academic year that begins in Septem-
ber, depending on anticipated state
support.
New faces
in line to
register
for draft
By BARRY WITT
Several hundred Ann Arbor 18-year-
olds fought yesterday's blizzard to
reach local post offices to register for
the draft.
By late-afternoon close to 200 then
had registered at the post office in
Nickels Arcade, many more than the 60
who filled out cards on Monday, the fir-
st day of this second round of draft
registration. All 18-year-olds are
required by law to register -this week.
CONFUSION OVER whether or not
registrants are required to include
social security numbers on the forms
resulted in some inadvertent breaking
of the law. A stay was issued Dec. 30 by
a Washington, D.C. Appeals Court
against a November lower court ruling
See REGISTRATION, Page 9

Y
In case you missed it..
While most University students took a break during the past two weeks, news in Ann Arbor
didn't stop. For a recap of the major local stories which occurred during Winter vacation,
see Page 9.
Sixteen candidates vie for

five city coun
By PAM KRAMER
With April city elections in sight, 16 candidates who filed
nominating petitions for five City Council seats are mapping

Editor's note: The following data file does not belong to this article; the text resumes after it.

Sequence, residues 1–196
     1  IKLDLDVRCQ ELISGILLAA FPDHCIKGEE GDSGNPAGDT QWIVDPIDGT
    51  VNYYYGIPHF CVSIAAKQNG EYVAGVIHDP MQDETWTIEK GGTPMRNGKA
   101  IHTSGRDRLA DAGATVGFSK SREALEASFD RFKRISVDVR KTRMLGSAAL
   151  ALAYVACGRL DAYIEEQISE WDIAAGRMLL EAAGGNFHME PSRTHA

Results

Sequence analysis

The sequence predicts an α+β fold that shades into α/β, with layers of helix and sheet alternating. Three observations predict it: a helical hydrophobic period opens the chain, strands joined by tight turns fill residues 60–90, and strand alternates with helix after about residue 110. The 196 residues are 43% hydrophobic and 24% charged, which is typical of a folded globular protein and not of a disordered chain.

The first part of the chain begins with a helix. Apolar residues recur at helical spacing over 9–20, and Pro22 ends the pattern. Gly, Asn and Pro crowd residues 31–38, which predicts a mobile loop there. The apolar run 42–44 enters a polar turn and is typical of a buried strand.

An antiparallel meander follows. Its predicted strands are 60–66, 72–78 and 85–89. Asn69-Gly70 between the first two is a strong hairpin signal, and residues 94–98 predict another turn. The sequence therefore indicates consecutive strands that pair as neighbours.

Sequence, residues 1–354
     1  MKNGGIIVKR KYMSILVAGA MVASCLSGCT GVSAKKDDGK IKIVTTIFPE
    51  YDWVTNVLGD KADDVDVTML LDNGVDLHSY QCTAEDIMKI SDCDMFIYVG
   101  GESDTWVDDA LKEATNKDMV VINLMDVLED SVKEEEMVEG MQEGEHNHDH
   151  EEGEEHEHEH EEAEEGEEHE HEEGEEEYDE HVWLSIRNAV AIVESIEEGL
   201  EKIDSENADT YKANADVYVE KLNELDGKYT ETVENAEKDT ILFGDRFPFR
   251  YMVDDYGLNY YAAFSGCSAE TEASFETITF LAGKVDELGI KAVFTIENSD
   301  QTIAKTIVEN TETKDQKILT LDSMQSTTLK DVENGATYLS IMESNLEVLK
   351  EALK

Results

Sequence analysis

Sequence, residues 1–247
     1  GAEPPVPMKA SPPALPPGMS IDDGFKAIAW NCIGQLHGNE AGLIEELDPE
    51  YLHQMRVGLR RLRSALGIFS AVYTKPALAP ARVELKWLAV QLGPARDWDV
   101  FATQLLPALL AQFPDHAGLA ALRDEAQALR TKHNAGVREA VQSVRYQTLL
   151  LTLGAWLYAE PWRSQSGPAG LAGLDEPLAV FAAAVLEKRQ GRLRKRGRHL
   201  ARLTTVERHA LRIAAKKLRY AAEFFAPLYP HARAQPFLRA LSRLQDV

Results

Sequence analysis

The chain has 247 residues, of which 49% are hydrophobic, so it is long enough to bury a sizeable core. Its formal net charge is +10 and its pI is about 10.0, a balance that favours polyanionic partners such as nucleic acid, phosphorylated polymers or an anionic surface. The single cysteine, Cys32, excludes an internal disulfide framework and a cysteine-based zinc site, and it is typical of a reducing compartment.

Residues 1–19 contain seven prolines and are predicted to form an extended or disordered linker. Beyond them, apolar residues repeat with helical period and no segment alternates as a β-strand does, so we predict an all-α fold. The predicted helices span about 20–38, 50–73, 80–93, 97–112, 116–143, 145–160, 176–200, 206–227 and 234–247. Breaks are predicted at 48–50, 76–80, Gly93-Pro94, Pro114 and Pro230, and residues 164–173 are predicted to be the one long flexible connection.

campaign strategies.
Democrat Robert Faber, a former member of both the city
planning commission and city council, is challenging incum-
bent Republican Louis Belcher in the mayoral race.
DEMOCRATIC candidates in the First and Second wards,
and Republicans in the Third and Fifth Wards will face off in
primaries Feb. 16 to determine who will represent their par-
ties on April 6.
Councilman Ken Latta decided not to run for a second two
year term, so Democrats Lowell Peterson and Clinton Smith
will run against each other in a First Ward primary. The
traditionally Democratic ward includes West Quad and South
Quad.
"Housing is a perennial issue (in the election) ... because
the problem hasn't been solved yet," Peterson said yester-
day. "Assault is another major issue. We have to work with
the University on this problem," he said.
SMITH COULD NOT be reached for comment.

i positions
The winner of the primary faces Republican Stephen
Brownell in April. A 32-year resident of the First Ward,
Brownell said he thinks the issues in the election are city ser-
vices and development problems, such as the Black Pond
housing project proposed in his ward.
Democrat Leslie Morris, one of only two council members
seeking reelection, is campaigning against Robert Ewing in
the Second Ward Democratic primary. She said she thinks
safety has replaced hotsing as a major concern in the